Makes you wish it was April 1st.
It’s no secret that China’s smog problem has become a devastating issue. Not only do residents wear face masks and heed warnings to stay indoors, but parts of the country have recently exceeded the World Health Organization’s daily smog particulate maximum by an unfathomable 50 times.(1)
But as people there continue to fall ill, finding themselves in filled-to-capacity respiratory wards, while many others miss out on work and school due to announcements of temporarily closed infrastructures, one company has its eyes on providing what China desperately needs: fresh air.
Yes, indeed, something that many people take for granted is now being sold by a Canadian company and they’re profiting immensely as a result. Vitality Air, co-founded by Moses Lam and Troy Paquette in 2014, provides people in need of fresh air with the real deal straight from the mountains of Alberta, Canada. It’s there where cans are filled with pure air via a clean compression method, and then ultimately sold to those in need. Their product and tag line, “Enhancing Vitality – One Breath at a Time,” has resonated with people in droves; as China’s smog problem has escalated in recent times, so too has the company’s sales.(2,3)
Bottled air a “proactive” solution for marketplace demands
“It’s been a pretty wild ride for us as we only started to market the product a month and a half ago,” says Harrison Wang, Vitality Air’s China representative. He explains that they set up their website, then put Vitality Air on a Chinese site that’s reminiscent of eBay and “… sold out almost instantly.”(2)
“We have sold everything, and we now have a bunch of customers and a people wanting to be our distributors,” says Wang. “It’s an exciting time for the company, putting their product on the market in China has been a fast learning curve, especially when it comes to the country’s e-commerce industry. … We know the demand is big so we are being reactive instead of proactive, and doing our best to accommodate for the market needs and demands.”(2)
The enormity of China’s smog problem
Throughout China, cheap coal use has primarily been to blame for the thick smog. The quality of the coal is so poor that it destroys the environment, covering the country in a cloud of dangerous particulates. Additionally, the surge in industrialism and vehicular emissions is also cause for concern; all of this translates to smog so thick that people in China can barely see across the street.(1)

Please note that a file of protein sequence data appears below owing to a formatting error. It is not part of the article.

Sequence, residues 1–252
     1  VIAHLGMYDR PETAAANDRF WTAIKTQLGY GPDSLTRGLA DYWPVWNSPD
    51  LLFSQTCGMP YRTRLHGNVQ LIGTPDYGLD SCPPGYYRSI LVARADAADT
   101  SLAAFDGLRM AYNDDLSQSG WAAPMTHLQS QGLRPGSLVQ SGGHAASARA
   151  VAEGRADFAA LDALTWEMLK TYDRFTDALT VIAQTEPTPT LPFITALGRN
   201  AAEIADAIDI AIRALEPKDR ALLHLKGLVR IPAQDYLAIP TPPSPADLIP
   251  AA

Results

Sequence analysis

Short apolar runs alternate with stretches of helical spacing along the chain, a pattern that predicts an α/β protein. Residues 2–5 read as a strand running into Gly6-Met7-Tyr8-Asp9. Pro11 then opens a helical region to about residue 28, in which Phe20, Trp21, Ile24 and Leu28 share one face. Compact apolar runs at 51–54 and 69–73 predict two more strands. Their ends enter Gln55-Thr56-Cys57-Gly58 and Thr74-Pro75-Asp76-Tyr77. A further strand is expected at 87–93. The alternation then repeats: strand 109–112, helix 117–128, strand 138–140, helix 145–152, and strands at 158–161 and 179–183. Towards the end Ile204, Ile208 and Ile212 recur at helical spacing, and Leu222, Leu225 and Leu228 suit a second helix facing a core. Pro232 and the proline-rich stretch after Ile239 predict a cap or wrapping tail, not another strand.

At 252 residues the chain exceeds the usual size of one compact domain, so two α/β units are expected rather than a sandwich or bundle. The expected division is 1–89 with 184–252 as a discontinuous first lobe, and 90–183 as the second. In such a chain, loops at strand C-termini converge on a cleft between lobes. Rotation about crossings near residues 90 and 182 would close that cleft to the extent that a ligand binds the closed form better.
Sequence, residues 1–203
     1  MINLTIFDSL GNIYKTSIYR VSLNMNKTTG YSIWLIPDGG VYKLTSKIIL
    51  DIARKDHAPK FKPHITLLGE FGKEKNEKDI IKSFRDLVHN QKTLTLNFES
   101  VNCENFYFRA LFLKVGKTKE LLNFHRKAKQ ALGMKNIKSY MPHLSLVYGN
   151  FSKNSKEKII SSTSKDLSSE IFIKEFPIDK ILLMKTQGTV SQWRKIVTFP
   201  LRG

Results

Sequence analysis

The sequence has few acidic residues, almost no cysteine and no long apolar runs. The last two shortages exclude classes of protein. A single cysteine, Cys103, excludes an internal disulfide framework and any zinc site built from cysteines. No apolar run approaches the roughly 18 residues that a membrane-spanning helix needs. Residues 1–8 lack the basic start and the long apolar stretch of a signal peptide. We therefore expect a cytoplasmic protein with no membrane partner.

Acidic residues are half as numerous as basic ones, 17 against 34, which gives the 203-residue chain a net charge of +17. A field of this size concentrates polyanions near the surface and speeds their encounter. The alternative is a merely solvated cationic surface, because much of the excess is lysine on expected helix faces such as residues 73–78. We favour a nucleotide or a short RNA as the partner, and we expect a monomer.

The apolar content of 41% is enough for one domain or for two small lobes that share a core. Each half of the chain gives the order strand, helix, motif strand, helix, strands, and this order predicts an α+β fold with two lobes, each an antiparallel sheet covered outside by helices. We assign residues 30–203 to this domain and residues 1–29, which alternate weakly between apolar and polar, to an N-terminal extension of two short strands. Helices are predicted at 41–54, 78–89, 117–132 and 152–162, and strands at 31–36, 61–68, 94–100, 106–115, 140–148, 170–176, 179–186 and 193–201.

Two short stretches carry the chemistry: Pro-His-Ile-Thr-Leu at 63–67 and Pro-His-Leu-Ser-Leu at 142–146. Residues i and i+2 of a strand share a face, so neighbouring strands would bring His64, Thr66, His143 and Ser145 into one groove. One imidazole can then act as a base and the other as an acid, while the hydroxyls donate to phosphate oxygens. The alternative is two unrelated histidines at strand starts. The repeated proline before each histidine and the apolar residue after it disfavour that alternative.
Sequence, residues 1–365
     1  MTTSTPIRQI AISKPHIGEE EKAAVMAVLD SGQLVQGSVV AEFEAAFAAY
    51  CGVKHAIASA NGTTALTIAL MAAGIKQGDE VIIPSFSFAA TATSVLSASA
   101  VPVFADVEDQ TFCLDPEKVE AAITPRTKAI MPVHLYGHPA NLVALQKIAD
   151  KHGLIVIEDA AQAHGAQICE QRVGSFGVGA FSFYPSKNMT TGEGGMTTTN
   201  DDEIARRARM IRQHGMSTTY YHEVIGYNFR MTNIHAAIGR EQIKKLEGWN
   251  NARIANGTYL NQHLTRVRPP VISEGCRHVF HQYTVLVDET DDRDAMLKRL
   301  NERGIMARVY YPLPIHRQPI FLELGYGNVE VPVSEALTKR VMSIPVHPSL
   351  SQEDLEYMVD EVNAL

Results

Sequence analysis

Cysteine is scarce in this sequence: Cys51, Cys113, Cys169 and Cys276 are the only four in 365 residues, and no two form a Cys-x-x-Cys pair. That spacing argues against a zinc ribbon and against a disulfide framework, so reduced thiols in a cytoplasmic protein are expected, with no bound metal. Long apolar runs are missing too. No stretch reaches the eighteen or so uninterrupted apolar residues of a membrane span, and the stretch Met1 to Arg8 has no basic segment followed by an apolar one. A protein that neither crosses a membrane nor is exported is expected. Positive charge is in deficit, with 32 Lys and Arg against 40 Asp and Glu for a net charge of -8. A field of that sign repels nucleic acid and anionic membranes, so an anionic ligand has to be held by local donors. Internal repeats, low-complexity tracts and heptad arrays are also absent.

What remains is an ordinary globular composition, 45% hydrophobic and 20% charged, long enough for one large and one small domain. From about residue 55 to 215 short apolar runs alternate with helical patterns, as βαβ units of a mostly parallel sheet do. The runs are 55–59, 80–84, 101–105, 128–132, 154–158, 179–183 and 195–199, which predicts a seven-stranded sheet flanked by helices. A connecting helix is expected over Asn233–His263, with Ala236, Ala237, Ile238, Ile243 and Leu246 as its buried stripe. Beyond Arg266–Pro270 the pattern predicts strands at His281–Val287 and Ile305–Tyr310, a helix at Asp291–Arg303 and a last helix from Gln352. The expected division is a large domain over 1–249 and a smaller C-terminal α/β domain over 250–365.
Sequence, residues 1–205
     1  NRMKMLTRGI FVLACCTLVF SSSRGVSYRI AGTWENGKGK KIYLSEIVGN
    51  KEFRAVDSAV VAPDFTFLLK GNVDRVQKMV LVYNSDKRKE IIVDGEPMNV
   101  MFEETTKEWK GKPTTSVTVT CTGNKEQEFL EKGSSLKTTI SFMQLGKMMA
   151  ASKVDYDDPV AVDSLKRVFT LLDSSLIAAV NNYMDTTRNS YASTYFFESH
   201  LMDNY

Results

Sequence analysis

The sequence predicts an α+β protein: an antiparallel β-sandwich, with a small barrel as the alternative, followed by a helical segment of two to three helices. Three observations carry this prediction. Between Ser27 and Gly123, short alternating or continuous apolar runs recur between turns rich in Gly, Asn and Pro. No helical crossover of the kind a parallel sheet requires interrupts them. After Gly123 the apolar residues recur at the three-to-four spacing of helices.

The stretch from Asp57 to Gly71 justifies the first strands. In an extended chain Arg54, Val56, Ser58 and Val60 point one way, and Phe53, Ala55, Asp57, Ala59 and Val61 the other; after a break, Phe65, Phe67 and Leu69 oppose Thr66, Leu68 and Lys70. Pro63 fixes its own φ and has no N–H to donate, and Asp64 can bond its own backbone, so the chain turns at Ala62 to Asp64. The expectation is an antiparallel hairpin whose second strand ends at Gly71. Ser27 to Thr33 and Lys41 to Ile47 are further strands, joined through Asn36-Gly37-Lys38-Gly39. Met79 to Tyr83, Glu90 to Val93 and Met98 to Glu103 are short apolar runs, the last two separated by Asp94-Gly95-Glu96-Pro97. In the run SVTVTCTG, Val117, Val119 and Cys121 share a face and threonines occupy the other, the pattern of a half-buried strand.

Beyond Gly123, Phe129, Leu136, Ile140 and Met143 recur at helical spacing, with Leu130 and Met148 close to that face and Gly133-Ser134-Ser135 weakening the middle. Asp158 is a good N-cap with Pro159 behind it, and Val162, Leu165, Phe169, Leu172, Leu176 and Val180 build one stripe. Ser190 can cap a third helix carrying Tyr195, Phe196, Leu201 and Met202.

Not only does human health there suffer – from respiratory ailments to increases in lung cancers – but it’s worth considering what this means for the people eating the country’s foods. Of course residents ingest the food, but so too do people in areas like the United States in which food from China makes its way to local supermarkets. For this reason, it’s wise to avoid eating foods from China. From fruits and fish to your everyday supplements, be mindful of where it comes from, as the likes of arsenic have been found in some of China’s air samples. And if it’s in the air, it’s certainly making it’s way into the food chain where crops, water and soil can become contaminated.(1,4)
At upwards of $46 per bottle, it’s welcome relief for smog-stricken areas
But in the meantime, this company aims to provide relief where it’s needed and allow people to take in what they have lacked for so long. Its website’s testimonials include people who sing the praises of the product, including individuals who write, “Now I can stop breathing regular air and only breathe premium air” and “I have bottles … all over the house and when I need to take a breathe [sic], I just grab the closest one, which is very comfortable … “(5)
Vitality Air’s site explains their products as follows:
“Our specially designed one piece aluminum bottle allows us to capture and retain the freshness of the contents inside. No CFC’s, no propellants. Accompanying each of our bottles, we have paired an innovative spray cap, or a 2 in 1 built in mask for precision delivery allowing for maximum enjoyment of our products. Our product is good to the last drop – there will be no waste.”(6)
The cost for a bottle is up to $46 dollars, depending on the size.(2)
Sources for this article include: